You’re probably getting tired of everyone harping at you to make sure your characters are 3D, that they have depth and aren’t flat. I can’t really blame you – hearing the same nagging from every writing resource you look at can get old quickly. And, of course, the most important topics end up repeated everywhere. But this article isn’t about how to make 2D characters more realistic. It’s about why to make them more realistic, and I’m not just talking about improving the depth and complexity of your book.
You’re also changing how your readers see the world.
Arrogant? A bit. Hyperbole? Maybe or maybe not. In the article, “Are You Reading the Wrong Books? What Science Is Saying about Fiction Readers,” Will S. talks about several studies that show that people who read fiction develop stronger empathy than people who do not. Furthermore (to sound scientific), people who read more complex stories with more 3-dimensional characters develop more empathy than people who read more basic stories where characters are flat and less realistic.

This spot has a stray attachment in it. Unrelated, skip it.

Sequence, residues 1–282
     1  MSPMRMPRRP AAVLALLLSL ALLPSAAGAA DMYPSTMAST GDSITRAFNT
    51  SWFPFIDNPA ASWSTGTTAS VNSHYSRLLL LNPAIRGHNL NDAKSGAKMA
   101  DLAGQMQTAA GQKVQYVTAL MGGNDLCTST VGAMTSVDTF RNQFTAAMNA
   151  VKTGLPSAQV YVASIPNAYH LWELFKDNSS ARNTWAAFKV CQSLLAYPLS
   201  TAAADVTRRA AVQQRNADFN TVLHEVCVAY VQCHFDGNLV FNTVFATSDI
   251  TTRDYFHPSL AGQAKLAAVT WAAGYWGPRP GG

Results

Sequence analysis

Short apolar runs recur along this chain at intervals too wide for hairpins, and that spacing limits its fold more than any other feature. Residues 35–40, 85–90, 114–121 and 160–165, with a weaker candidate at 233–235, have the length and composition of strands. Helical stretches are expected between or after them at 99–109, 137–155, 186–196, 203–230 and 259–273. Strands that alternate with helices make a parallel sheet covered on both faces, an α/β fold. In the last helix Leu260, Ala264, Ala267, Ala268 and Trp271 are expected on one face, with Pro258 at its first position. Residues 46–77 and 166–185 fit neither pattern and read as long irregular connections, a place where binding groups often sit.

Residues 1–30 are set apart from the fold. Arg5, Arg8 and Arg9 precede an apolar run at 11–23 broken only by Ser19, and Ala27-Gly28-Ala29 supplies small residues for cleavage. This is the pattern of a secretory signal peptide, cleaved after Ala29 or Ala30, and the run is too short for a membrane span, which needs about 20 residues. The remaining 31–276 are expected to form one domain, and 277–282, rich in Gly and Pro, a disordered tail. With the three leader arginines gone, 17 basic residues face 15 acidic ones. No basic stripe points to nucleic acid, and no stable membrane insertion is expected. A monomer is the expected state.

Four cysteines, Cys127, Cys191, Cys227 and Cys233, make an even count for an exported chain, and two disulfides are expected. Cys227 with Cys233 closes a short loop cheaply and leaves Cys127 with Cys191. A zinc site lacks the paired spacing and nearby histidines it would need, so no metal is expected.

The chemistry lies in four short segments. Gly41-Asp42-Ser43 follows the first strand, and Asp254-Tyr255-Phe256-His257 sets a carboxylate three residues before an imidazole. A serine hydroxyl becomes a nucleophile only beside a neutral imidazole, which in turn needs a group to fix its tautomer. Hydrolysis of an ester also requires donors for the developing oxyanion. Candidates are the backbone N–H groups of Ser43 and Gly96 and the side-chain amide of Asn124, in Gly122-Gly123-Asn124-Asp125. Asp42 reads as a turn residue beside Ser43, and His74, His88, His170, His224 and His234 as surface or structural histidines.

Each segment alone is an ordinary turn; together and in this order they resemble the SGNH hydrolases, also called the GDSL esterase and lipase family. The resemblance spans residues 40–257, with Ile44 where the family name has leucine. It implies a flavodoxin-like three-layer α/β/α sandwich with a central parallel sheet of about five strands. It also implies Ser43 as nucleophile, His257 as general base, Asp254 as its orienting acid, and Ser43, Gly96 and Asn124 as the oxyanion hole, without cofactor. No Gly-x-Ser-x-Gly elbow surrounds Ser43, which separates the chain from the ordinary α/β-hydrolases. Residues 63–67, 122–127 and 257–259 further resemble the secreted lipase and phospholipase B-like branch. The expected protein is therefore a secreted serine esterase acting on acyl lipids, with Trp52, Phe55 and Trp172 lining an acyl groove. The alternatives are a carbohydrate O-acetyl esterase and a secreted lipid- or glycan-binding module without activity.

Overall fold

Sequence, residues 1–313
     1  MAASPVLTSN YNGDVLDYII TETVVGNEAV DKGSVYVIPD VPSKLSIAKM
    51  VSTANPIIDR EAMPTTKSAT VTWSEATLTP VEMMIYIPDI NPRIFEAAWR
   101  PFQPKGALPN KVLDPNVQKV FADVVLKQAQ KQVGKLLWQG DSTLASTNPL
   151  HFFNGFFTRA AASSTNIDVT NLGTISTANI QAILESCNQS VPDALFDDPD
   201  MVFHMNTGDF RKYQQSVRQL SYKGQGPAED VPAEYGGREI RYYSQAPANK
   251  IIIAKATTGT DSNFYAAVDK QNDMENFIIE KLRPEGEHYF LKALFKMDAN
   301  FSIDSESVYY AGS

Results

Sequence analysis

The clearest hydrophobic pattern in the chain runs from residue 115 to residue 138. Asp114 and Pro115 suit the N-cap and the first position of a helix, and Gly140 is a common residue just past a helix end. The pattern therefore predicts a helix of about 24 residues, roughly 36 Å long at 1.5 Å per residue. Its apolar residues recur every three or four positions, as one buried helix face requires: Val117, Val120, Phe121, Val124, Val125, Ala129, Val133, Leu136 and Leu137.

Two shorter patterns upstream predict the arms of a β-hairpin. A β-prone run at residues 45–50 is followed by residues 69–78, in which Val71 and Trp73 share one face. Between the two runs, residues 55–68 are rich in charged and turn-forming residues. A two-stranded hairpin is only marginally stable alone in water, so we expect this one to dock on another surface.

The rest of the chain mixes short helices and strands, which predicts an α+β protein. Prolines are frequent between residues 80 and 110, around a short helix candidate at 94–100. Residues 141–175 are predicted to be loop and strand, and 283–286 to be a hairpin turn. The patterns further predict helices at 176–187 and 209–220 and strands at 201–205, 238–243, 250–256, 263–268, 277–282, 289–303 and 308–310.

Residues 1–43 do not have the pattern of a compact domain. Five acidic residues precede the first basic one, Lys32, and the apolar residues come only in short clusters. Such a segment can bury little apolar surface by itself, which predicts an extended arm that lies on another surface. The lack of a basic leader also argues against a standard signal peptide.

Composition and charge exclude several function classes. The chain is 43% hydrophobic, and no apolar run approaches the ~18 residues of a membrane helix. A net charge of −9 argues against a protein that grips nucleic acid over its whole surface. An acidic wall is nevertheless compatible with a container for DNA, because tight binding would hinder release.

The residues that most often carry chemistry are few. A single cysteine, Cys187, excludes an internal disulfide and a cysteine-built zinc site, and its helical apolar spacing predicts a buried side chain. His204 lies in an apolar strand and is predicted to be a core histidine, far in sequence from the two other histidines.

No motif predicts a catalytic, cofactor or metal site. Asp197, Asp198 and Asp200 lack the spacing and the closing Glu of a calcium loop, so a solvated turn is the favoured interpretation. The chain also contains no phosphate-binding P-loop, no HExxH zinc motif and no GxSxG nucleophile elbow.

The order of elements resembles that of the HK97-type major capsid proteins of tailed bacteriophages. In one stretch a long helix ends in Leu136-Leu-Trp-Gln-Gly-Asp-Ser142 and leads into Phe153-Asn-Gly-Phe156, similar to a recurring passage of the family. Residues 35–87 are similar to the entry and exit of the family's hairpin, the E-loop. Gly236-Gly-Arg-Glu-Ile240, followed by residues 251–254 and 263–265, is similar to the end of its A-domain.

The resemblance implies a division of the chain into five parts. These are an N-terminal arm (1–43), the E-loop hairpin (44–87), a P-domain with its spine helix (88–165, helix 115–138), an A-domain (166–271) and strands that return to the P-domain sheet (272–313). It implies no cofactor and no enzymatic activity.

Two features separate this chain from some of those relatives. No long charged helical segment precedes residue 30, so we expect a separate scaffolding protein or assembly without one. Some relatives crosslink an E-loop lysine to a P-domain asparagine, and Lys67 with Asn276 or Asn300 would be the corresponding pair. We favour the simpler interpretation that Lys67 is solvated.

Now, have I researched the studies listed? No. Do I know for sure that this is verified by science? No. Do I want to believe it because it matches my own experiences and expectations? Yep, totally guilty.
None of that makes it a less interesting idea.
You can talk all day about how reading increases vocabulary and teaches writing skills like sentences structure – and those are both really great, important things for people to learn – but (IMHO), one of the greatest gifts of a book is its ability to let you see through someone else’s eyes, to gain insight into situations you’ve never experienced.
Learning to think about other people’s perspectives and experiences is invaluable, and the harder (or more complicated) the situation and characters are, the more applicable those insights are to the real world.
Can those insights improve empathy? I think it’s a definite possibility. What about you?